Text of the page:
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The Average Age of the Montana Rancher12 February, 2018
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BY Kamrie Smith
Ranch wife, and Real Estate Agent with Clearwater Montana Properties
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Kamrie Smith

58.91 as of March 2015 – that’s the average age of the Montana rancher. Let that sink in for a second. Arguably one of the most physically demanding jobs in the U.S. is operated by men and women at the age that they would normally be preparing to retire. Sure, the industry is evolving with the help of modernized equipment and technology, but there are still many chores around the farm and ranch in which equipment could never replace the human body.

For instance; tight spaces like corrals require sorting and chasing the cattle on foot. Some fields are not appropriately shaped to accommodate a less labor-intensive pivot or wheel line, so changing hand line once or twice a day during the irrigation months can be demanding work. Salt blocks and mineral tubs must be placed out for the cows regularly depending on the time of year, which can range from 50-250 pounds each.   Photo credit: Kamrie Smith

And as far as I know, there hasn't yet been a robot invented that can mend fence, let alone in the extreme temperatures Montana is known for!

Not all jobs can be done from the warmth of the shop or house, nor with the power of a tractor. In the warmer months, most ranchers send their herd into the high country to graze. Horses are commonly necessary to chase the cattle to the grazing permit area, and then gather and retrieve them in the fall.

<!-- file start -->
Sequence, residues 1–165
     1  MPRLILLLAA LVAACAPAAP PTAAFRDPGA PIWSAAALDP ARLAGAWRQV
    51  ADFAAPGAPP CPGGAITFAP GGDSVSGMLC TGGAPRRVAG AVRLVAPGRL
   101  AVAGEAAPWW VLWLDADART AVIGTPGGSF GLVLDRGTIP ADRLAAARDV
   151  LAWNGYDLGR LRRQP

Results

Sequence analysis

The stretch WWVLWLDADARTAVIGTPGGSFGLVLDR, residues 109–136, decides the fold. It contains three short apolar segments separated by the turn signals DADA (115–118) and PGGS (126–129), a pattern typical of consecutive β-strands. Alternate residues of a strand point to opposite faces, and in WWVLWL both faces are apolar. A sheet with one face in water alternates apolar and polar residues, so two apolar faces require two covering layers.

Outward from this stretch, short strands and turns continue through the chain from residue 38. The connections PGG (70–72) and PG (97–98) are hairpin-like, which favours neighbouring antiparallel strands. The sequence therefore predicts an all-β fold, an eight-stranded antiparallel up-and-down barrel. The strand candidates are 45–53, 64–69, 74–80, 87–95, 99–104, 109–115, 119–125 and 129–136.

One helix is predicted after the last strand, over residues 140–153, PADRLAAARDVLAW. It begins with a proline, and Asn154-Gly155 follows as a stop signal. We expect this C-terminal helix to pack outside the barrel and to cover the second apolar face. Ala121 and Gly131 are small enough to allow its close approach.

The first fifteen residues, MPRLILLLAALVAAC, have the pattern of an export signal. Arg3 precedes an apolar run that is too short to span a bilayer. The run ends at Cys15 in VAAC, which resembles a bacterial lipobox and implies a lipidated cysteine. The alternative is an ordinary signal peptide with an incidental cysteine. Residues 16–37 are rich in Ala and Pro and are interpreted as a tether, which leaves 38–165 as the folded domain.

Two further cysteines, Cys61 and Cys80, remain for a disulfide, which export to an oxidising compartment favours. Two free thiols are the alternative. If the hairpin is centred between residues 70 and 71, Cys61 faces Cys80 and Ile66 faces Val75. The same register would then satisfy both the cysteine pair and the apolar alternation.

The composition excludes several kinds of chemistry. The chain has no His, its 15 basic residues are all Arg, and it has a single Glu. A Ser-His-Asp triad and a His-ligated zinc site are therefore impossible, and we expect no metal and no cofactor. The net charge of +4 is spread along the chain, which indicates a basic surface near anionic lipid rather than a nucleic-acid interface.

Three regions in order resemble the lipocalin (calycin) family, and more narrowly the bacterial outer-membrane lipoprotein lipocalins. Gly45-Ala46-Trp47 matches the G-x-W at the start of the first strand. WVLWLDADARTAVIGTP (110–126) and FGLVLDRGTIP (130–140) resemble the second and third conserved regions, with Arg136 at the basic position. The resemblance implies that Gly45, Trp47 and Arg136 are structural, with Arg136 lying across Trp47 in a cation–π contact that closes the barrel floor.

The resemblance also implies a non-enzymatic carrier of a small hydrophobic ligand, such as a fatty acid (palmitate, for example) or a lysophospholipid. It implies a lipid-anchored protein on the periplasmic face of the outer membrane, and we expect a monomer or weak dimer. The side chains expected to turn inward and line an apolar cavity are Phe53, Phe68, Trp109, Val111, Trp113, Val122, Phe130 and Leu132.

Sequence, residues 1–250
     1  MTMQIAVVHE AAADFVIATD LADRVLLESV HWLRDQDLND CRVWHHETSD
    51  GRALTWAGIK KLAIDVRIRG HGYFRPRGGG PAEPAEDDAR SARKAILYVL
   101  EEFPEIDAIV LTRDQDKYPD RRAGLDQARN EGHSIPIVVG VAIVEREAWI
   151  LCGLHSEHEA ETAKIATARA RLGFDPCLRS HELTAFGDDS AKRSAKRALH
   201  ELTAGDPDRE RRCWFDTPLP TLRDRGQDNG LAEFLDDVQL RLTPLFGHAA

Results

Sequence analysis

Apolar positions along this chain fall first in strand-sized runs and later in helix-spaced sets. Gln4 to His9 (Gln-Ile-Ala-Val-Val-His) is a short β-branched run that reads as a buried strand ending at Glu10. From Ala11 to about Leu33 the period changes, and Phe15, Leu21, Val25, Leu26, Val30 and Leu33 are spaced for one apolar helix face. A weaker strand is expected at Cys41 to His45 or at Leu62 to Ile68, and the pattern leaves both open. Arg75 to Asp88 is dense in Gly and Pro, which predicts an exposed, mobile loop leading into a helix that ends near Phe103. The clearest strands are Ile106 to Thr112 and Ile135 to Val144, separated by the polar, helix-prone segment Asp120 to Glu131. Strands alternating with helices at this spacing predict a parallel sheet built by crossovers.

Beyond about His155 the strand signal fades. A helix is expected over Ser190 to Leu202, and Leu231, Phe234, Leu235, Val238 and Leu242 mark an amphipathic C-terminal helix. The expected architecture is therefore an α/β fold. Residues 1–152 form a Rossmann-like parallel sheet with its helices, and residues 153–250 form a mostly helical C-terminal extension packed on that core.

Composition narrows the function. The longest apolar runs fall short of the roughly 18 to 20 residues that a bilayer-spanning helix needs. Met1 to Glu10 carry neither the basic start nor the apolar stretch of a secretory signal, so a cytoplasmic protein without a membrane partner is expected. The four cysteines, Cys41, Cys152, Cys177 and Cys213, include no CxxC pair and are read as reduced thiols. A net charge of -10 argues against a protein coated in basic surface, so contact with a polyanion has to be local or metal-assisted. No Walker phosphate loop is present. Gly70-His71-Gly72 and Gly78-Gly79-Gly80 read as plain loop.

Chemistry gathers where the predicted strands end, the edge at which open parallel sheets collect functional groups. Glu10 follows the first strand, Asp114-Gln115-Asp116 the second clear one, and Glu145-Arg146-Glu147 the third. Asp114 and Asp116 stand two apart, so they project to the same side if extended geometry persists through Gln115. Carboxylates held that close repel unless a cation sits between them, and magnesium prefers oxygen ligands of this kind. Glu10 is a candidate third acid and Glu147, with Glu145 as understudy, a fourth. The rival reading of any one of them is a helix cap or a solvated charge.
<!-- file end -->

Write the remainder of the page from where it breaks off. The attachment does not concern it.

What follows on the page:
This requires many hours in the saddle. Said terrain can be too rough for four-wheelers to access, or that particular area may not allow motorized vehicles to go off-road. The grueling 24/7 job of calving season takes its toll on all ages.

Photo: Kamrie Smith

So where are our younger agricultural entrepreneurs? From my experience I have seen a lot of young people raised in the industry that lose interest as they attend college and branch off on their own paths.

On the reverse side, I see some who fall in love with the lifestyle and can't see themselves doing anything else.

Additionally, it is increasingly difficult to get into the business if you were not born into it. Just the land, equipment and cattle can cost millions of dollars. No lender that I know of will hand out that kind of financing to a 20 or 30-year-old, who may not have a lot of credit built up or savings for a down payment. That said, there are some programs offered by the State for individuals that may be able to help with this problem.

There is a season for everything and keeping that cycle on course takes skill and years of knowledge, best learned from childhood and pounded into your head by a parent, grandparent or other mentor. Your cattle are your paycheck and keeping them healthy, well conformed, and of good reputation is a must. Photo: Kamrie Smith

So, what can you do to help keep the American rancher alive? First of all, eat local/Montana/US beef. Secondly, (and this goes for farmers/ranchers as well as anyone who owns real estate) please make sure you see a financial advisor and do estate planning!

I know that it is no one's favorite subject, but even if you are young and healthy, it is an important step in securing what you have worked so hard for. Involving youth in programs such as 4-H and FFA is a great way to teach lifelong skills and possibly spark interest for a future career. It is imperative that we keep young, fresh faces coming into the business, as the rancher is not only a strong part of our State's history, but a vital part of today's economy.


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